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28 August 2012

Recipe swap! Share your favorite go-to recipes for everyone. [More:]Inspired by an exchange with fellow mefi member Ardiril, I realized we haven't had a proper recipe swap in some time. Sweet or savory, what's your favorite winner for cooking/baking? You can link or maybe just include in your post? Casserole? Cookies? Special pie? Can mere mortals cook it? New York Sausage, Peppers, and Onions is my go-to for freezing lunches (please forgive VERY old and abandoned blog), and people generally ask for my mom's Matzo Ball soup recipe, but to show off, I'd love to cite the Country Quiche. I'm actually dried up on ideas for lunches and meals lately so I'm excited to see another share for ideas!
Every Xmas, just about, my husband and I make the World's Best Fudge. I got a batch from a friend many years ago, and after downing all of it in one sitting, won the recipe from her clutches. The only catch is that you cannot deviate an iota from the recipe, which is:

Mixture 1
3 cups white granulated sugar
1 stick butter
1 tsp salt (optional, unnec. with salted butter)
1 can EVAPORATED milk

Mixture 2
18 oz semi sweet chocolate chips
18 full sized marshmallows
1 cup chopped nuts (optional, I never use)
2 tsp vanilla

Prepare mixture 2 in separate large bowl and set aside. Combine mixture 1 in saucepan. Bring to boil. Boil exactly 6 minutes, STIRRING CONSTANTLY, and from the bottom. Remove from heat.

Add mixture 2 to saucepan. Stir VIGOROUSLY until marshmallows melt.

Pour into 9 x 12 or so buttered pan. Cool.
posted by bearwife 28 August | 12:47
I made bearwife's fudge when I was in Ohio a couple of Christmases ago. It was amazing.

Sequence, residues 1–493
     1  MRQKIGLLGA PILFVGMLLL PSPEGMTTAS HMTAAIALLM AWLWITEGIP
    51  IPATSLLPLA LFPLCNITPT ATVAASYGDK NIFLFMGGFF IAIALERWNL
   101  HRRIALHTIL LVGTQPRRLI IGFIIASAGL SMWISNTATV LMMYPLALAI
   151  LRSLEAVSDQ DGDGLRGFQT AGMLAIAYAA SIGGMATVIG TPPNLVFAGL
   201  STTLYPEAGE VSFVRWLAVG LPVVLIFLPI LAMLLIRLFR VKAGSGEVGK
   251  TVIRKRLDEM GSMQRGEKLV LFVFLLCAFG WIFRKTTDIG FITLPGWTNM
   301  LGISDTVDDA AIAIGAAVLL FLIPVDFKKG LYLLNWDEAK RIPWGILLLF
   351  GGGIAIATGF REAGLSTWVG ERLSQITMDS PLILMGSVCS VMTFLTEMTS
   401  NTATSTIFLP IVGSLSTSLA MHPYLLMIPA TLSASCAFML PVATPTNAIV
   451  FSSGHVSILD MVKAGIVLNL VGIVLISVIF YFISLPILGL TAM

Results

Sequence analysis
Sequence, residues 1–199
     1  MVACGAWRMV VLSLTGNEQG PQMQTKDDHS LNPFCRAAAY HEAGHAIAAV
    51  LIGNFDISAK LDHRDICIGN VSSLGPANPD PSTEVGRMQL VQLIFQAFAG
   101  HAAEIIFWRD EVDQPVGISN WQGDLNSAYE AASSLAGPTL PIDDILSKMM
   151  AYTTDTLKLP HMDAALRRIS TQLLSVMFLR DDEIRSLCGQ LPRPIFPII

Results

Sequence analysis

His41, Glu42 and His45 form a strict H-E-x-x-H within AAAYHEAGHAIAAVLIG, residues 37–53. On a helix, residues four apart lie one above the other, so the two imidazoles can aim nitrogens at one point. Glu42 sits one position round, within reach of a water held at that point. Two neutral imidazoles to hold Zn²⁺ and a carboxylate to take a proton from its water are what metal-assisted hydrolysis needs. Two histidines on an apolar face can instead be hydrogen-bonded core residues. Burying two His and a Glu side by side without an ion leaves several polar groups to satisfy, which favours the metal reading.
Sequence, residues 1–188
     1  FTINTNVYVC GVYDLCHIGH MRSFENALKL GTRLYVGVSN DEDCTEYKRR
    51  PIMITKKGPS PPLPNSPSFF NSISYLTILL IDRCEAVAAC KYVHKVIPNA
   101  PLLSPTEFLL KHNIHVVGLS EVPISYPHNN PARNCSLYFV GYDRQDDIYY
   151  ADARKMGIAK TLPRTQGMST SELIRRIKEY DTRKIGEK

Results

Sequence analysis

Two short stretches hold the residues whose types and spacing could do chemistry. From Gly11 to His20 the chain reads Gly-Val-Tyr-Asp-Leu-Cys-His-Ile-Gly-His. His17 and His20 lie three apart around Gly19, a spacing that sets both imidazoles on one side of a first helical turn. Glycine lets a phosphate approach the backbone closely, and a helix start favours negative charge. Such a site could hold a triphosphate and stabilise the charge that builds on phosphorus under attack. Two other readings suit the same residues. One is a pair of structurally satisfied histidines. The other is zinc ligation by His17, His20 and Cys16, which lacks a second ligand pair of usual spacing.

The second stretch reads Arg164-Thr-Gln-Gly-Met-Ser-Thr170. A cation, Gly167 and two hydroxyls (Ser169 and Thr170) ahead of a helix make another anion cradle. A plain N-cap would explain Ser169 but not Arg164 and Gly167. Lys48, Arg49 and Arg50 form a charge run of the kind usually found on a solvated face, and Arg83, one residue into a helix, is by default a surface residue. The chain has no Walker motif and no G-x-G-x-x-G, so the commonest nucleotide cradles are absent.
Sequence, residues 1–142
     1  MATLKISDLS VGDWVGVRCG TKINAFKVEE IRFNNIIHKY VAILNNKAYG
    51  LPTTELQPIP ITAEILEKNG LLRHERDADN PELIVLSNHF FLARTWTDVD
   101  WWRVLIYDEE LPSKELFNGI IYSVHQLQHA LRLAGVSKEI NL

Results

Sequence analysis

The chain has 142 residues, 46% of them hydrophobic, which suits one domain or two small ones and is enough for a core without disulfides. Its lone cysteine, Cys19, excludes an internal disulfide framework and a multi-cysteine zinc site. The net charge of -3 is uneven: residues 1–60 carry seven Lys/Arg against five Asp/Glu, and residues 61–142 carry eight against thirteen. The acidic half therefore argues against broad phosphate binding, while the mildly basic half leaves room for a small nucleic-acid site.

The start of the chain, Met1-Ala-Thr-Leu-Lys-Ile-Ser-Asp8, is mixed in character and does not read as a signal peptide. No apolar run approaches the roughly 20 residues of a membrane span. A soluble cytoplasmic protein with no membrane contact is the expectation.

posted by Senyar 28 August | 13:29
Beer bread. This is a slight alteration of a common recipe; I reduced the sugar and butter and used some white whole wheat flour to make it heartier and wheatier.

You can find a version of the original at epicurious, but the recipe was making the rounds long before the internet. It's one of those super-simple super-fast recipes that gets passed around with some enthusiasm.

beer bread

3 TBS butter
3 cups flour (I use a mixture of white and white whole wheat)
2 1/2 TBS sugar
1 TBS baking powder
1 1/2 tsp kosher salt, or 1 tsp standard table salt
~ 12 ounces beer, room temperature

Preheat oven to 375F. In a loaf pan or 8-inch round, melt half of the butter (1 1/2 TBS). Remove from oven and set aside.

In a medium bowl, mix flour, sugar, baking powder, and salt. Add beer all at once, pouring slowly to retain carbonation, and stir it into the flour mixture. Be sure to fold in dry ingredients from the bottom of the bowl. Batter will be lumpy and rough; donít overmix.

Scoop batter into the buttery baking dish and dot the top with remaining 1 1/2 TBS butter.

Bake at 375F for ~30 minutes (for 8-inch round), ~40 minutes (for loaf pan), or until the top is crusty and flecked with dark spots. Between the cracks of the craggy, golden crust, the dough should look damply matte, not wet and shiny.

Let cool a few minutes, then remove loaf from pan and let it sit ten minutes or so before cutting into it. (Cooling for ten minutes allows the quick bread to set and lets you cut neater slices, but I admit I usually hack rough slices off the heel end of the hot bread and serve it right away. Itís crumbly and ugly but irresistably delicious.)